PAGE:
I am afraid that is true. I know that some people will not be comfortable with having to be reminded of that, but it happens to be the case.
To return to the point that the Government’s position is slightly misleading, we know that the Prime Minister himself has been confused about it. Like his hon. Friends, he thought that he was introducing a policy for all married couples paying the basic rate of tax. I can imagine that, in this day and age, it is pretty hard for the poor Prime Minister to keep up with the all the shifts and machinations in his Government, but surely there is something wrong with a policy that deludes even the Prime Minister into thinking he is giving a tax break to all married couples paying the basic rate, which he is not. Thank goodness we have had the opportunity to set the record straight in this debate; otherwise the poor man might have gone around the country perpetrating that calumny. People might have begun to doubt his work on other things, as well—his whole judgment might have come into question. Thank goodness we have had the chance to challenge that idea.
We certainly need to review the policy, because were it to be extended to the nearly 9 million married couples who pay the basic rate of tax, as the Prime Minister implied, it would cost considerably more than the Chancellor’s projections. For that reason alone our amendment, which asks for a review, is crucial. We need to know exactly what the policy will cost and what it would cost were it to meet the Prime Minister’s aspirations.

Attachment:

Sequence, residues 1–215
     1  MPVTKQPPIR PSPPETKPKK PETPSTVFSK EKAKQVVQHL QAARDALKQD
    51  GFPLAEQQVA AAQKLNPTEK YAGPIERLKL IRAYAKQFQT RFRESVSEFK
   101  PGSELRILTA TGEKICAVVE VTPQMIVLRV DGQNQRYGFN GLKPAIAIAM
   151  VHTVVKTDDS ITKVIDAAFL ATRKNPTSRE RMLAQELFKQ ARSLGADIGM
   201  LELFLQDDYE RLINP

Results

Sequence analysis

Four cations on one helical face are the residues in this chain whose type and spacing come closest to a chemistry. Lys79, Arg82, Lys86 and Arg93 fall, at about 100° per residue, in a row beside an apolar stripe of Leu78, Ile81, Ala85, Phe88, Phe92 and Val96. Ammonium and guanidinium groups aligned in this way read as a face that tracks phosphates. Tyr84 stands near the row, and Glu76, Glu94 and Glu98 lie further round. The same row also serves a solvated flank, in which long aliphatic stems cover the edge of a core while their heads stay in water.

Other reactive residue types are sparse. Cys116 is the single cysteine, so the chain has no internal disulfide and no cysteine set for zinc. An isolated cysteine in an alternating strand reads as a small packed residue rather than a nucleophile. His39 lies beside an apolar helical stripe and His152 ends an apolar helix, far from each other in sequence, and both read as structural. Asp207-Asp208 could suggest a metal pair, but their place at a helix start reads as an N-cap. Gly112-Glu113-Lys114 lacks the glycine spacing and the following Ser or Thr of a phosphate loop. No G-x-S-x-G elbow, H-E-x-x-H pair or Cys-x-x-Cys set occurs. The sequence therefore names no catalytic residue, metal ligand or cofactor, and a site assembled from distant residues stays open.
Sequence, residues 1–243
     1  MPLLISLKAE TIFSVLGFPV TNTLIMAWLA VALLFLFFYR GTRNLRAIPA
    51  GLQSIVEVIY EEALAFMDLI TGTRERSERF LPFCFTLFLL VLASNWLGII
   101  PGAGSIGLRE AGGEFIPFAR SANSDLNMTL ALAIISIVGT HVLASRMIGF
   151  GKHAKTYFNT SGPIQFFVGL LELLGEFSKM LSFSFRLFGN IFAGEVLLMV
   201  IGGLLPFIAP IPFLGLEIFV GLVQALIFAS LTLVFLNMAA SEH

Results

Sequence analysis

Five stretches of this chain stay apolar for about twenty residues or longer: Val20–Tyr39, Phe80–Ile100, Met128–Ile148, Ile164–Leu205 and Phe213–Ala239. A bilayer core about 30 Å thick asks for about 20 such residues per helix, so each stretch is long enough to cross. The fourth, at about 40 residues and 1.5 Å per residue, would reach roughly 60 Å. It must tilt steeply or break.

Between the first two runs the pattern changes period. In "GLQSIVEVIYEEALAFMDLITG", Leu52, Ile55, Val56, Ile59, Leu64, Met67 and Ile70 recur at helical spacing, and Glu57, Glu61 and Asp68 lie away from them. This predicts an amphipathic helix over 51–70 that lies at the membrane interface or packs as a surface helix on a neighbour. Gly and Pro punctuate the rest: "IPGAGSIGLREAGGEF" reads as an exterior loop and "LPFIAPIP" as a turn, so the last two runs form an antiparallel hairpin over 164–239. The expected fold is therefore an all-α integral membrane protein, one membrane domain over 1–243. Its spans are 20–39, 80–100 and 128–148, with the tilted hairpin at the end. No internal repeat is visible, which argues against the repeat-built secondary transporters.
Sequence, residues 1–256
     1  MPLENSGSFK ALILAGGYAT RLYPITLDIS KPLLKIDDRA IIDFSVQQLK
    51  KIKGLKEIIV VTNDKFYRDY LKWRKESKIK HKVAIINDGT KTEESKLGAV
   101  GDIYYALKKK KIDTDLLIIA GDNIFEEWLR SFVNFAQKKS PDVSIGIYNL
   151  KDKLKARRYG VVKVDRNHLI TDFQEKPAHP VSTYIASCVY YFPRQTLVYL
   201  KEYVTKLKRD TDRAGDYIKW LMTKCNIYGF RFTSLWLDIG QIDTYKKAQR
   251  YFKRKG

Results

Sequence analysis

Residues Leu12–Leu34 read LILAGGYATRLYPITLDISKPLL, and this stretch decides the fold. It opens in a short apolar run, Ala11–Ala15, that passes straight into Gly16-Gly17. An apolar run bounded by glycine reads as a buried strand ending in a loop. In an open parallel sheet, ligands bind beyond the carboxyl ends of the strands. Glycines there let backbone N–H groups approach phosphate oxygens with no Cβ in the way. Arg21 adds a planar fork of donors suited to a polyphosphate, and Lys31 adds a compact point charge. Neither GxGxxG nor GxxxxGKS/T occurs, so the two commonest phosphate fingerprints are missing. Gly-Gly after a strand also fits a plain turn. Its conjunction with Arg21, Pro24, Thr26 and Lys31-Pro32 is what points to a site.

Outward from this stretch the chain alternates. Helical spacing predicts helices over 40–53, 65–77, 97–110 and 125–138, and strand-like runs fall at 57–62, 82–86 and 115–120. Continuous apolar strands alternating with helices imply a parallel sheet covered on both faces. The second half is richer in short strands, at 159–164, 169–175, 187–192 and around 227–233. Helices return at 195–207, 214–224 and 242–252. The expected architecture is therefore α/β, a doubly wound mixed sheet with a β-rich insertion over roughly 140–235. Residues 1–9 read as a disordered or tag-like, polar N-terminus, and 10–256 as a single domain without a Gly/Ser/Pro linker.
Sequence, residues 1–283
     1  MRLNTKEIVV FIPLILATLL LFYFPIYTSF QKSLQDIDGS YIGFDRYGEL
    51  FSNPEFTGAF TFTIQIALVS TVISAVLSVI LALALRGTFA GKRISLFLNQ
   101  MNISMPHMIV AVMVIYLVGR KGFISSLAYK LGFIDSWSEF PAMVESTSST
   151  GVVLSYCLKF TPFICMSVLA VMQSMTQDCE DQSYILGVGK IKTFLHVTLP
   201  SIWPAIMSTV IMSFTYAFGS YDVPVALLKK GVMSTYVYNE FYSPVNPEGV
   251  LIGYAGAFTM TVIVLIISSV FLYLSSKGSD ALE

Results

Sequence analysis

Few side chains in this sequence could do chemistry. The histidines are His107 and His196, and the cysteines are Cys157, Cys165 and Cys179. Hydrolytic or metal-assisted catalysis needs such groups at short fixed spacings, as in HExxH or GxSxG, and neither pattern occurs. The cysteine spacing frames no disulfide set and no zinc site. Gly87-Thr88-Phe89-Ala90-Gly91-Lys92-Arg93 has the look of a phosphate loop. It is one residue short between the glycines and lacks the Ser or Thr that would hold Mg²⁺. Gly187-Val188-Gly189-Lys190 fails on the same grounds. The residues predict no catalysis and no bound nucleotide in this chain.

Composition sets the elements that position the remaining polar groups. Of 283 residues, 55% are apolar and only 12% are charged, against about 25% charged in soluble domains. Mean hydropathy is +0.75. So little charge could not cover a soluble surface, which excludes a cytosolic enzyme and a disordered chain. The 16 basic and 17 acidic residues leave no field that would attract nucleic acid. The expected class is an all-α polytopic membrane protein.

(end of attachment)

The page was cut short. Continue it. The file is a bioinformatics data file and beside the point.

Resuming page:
As we have heard, the policy will give £200 back to 3.4 million couples, but other Government policies will have made the average family £974 a year worse off by the time of the election. Some 85% of the tax allowance will go to men. Perhaps that harks back to the good old days of Tory marriage—I do not know—but in this day and age I do not think the policy will be broadly accepted by women up and down the country. As we have heard, it will not be available to married couples whose income falls below the personal allowance. [Interruption.] I think Dr Coffey has something stuck in her throat. If she wants to intervene, I—